Thursday, February 21, 2008
Wow! There’s nothing better than visiting a new place and being blow-away by how wonderful it is. Not that we expected Prague to be unworthy of a visit, we had certainly heard a lot of wonderful things about this city, but it exceeded our expectations in every aspect.
Prague is perhaps the most beautiful city we have seen. It was not damaged during WWII, so has architecture from centuries of growth. Every view is colourful and varied. Art nouveau buildings surround a gothic cathedral. Spires and domes fill the skyline. The 14th century Charles Bridge is wonderful. This famous bridge is a highlight for many Prague visitors, but before seeing it, I could only wonder “what’s so great about a bridge?”. Well now I know. It provides great views of the city, especially when the castle district is alight at night. The looming statues of saints, the art vendors, the tourists and locals strolling along the cobblestone…magical.
The history of the Czech Republic is fascinating. We spent a morning with a local guide who gave us a crash course on Czech history. It is the first time we have visited a country with significant Jewish history and a communist past. Hence, we loved the historic sites in the Jewish district and the museum of communism. The bottom line is the Czech Republic is now experiencing a rare independence, and yet despite its past oppression, Prague is a thriving, lively, beautiful, and friendly city.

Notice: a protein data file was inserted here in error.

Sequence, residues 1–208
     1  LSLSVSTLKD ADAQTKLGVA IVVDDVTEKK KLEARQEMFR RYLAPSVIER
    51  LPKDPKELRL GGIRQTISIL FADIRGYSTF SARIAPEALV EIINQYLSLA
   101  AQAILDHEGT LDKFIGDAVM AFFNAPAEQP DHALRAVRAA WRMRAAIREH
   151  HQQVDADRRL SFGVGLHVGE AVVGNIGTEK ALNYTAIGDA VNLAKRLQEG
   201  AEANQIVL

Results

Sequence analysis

We always enjoy trying the cuisine of places we visit. As for Czech food, there was little worth mentioning of their hearty meals: sausages, meat, gravy, and strange dumplings. I always thought it would be difficult to be a vegetarian visiting France, but as a vegetarian I would certainly choose France before the Czech Republic! Regardless, for what they lack in food, they make up for in beer! Pivo, as it is called in Czech, is THE drink. Czechs consume more beer than any other country, and I believe this stat. It’s easy when a beer is 0.5 L and costs about 1 euro. Much cheaper and certainly more accessible than water. We tried many of the local brands and found favourites in Kozel (Gilles) and Krusovice (April). We also enjoyed the liquor Becherovka, and brought a bottle home.
If you are considering a visit to the Czech Republic, or any of the other Eastern European countries, go now before they convert to the euro and prices become sadly inflated.